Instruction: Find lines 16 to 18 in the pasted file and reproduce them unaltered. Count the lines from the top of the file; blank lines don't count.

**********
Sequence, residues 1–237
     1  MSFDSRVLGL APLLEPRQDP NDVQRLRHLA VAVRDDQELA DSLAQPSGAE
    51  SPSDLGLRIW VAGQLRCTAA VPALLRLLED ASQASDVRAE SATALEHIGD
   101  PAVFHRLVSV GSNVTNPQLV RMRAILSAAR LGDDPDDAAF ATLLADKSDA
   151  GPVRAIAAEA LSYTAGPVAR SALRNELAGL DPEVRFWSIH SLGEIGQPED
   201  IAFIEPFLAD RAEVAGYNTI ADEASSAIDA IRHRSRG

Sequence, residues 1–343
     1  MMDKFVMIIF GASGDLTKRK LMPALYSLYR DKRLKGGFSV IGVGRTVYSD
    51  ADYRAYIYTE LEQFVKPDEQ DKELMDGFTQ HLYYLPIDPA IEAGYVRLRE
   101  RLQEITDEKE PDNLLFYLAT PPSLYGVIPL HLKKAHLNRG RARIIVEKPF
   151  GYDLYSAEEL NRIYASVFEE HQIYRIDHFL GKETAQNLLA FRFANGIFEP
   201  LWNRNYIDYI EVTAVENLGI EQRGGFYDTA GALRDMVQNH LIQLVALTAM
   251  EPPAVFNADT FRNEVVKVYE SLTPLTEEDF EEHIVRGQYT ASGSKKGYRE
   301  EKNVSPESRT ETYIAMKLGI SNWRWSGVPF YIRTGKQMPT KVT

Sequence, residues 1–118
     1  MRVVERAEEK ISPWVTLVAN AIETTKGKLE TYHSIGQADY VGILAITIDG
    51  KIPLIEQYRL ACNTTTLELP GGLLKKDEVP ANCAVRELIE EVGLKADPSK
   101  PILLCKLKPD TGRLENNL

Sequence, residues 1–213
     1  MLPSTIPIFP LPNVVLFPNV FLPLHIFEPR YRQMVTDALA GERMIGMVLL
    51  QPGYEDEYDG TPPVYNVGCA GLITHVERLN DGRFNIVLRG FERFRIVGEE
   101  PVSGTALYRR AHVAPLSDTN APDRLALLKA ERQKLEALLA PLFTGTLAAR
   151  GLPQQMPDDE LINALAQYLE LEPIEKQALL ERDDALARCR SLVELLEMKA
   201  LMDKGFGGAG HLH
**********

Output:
     1  MRVVERAEEK ISPWVTLVAN AIETTKGKLE TYHSIGQADY VGILAITIDG
    51  KIPLIEQYRL ACNTTTLELP GGLLKKDEVP ANCAVRELIE EVGLKADPSK
   101  PILLCKLKPD TGRLENNL